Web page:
The president is trying to reinvent the history of his you-can-keep-it promise on health care.
By Ron Fournier
It might not seem possible that President Obama could do more harm to his credibility and the public's faith in government than misleading Americans about health insurance reform. But he can. The president is now misleading the public about his deception.
In a speech Monday night to his political team, Obama said:
"Now, if you have or had one of these plans before the Affordable Care Act came into law and you really liked that plan, what we said was you can keep it if it hasn't changed since the law passed."
No, no, no, no, no--that's not what the Obama administration said. What it said was:
"That means that no matter how we reform health care, we will keep this promise to the American people: If you like your doctor, you will be able to keep your doctor, period. If you like your health care plan, you'll be able to keep your health care plan, period. No one will take it away, no matter what."– President Obama, speech to the American Medical Association, June 15, 2009, during the debate over health insurance reform.
"And if you like your insurance plan, you will keep it. No one will be able to take that away from you. It hasn't happened yet. It won't happen in the future."– Obama, remarks in Portland, Ore., April 1, 2010, after the bill was signed into law.
These quotes are courtesy of Washington Post fact-checker Glenn Kessler, who gave Obama four Pinocchios for the you-can-keep-it whopper, repeated countless times by Obama. "The president's statements were sweeping and unequivocal—and made both before and after the bill became law," Kessler wrote. "The White House now cites technicalities to avoid admitting that he went too far in his repeated pledge, which, after all, is one of the most famous statements of his presidency."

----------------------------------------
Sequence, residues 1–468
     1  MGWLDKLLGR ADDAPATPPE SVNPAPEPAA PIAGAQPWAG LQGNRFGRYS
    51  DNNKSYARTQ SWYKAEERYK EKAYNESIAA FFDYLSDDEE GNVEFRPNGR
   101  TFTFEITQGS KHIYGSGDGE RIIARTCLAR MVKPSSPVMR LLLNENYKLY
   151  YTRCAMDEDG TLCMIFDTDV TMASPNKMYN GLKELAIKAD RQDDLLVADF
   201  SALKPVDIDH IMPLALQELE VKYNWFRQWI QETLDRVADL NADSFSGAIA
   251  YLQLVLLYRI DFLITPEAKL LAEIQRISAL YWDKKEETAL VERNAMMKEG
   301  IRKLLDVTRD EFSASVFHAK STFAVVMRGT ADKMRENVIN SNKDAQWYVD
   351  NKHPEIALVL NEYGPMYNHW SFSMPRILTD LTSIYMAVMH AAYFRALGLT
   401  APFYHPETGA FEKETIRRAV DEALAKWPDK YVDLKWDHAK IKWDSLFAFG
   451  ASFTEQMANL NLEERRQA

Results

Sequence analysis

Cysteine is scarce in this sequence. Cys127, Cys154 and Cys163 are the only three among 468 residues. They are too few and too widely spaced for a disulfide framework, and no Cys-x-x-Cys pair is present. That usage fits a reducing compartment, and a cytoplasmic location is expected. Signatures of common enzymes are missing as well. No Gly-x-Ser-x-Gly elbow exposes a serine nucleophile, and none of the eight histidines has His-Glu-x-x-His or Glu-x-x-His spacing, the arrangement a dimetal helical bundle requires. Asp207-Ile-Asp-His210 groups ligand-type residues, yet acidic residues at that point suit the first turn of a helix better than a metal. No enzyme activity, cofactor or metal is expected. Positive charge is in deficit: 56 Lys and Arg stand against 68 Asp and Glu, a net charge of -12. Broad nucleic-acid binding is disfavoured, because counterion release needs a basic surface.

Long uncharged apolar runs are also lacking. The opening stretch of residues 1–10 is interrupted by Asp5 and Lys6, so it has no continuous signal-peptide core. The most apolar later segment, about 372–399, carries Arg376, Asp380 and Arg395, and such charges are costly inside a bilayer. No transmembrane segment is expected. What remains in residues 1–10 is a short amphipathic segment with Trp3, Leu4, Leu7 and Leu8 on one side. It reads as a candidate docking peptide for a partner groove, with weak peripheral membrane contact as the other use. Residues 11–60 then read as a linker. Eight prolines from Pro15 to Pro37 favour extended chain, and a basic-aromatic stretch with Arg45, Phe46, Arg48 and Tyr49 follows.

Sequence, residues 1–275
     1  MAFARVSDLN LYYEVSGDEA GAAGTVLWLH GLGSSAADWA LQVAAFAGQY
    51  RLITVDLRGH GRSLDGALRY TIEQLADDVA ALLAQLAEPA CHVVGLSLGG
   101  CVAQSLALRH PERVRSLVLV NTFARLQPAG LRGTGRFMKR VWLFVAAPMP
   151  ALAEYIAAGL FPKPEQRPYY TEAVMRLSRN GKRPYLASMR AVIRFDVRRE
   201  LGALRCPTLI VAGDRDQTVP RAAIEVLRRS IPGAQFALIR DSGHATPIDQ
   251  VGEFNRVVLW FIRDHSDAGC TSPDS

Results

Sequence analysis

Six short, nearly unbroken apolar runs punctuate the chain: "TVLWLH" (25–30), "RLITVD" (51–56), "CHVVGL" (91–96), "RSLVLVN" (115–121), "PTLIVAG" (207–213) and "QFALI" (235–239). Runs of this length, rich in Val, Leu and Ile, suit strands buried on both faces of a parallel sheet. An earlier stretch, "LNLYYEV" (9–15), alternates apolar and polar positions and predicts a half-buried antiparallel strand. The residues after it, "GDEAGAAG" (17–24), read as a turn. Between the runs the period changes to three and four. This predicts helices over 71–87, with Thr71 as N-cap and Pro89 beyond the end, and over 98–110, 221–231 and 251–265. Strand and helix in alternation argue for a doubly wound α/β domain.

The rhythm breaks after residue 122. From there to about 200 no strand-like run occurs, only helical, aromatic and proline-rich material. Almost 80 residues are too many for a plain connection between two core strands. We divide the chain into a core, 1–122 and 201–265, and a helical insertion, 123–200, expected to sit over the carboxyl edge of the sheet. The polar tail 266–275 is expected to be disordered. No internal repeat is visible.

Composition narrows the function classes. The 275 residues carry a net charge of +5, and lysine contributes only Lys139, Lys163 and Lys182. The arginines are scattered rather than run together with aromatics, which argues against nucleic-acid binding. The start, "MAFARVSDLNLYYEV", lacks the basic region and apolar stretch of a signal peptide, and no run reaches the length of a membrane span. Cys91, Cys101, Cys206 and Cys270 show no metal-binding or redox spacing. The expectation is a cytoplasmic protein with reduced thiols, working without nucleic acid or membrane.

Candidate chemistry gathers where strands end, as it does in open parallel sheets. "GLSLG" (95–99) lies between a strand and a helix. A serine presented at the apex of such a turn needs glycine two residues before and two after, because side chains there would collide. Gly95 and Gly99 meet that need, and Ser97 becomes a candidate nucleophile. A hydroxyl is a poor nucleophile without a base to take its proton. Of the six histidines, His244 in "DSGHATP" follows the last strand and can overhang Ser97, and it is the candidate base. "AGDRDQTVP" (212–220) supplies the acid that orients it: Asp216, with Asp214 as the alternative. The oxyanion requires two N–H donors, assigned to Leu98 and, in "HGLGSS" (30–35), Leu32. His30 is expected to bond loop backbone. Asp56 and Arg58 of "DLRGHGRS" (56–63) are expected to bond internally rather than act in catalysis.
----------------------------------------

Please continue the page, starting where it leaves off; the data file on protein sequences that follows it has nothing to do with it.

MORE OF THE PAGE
What Obama told supporters Monday is what he should have told the public all along. "So we wrote into the Affordable Care Act, you're grandfathered in on that plan. But if the insurance company changes it, then what we're saying is they've got to change it to a higher standard. They've got to make it better, they've got to improve the quality of the plan they are selling," Obama said at an Organizing for Action event. "That's part of the promise that we made too. That's why we went out of our way to make sure that the law allowed for grandfathering."
"If we had allowed these old plans to be downgraded, or sold to new enrollees once the law had already passed, then we would have broken an even more important promise--making sure Americans gain access to health care that doesn't leave them one illness away from financial ruin," Obama said Monday. "The bottom line is that we are making the insurance market better for everybody and that's the right thing to do."
Watch the video of Obama reinventing history with the "what-we-said-was" construction. Notice how he is looking at notes. Remarkably, this was not an off-the-cuff remark; it was written, reviewed, and approved by senior White House officials, then recited by the president. An orchestrated deceit.
Why didn't Obama add their caveats during his reelection campaign? His aides debated it. Some argued that the president had to shoot straight with the public. Others feared that the public wouldn't understand the nuance and GOP rival Mitt Romney would use it to his advantage.
The cynics won. The truth was buried. And the man who promised to run the most transparent administration in history participated in a lie.
On history's scale of deception, this one leaves a light footprint. Worse lies have been told by worse presidents, leading to more severe consequences, and you could argue that withholding a caveat is more a sin of omission. But this president is toying with a fragile commodity: his credibility. Once Americans stop believing in Obama, they will stop listening to him. They won't trust government to manage health care. And they will wonder what happened to the reform-minded leader who promised never to lie to them.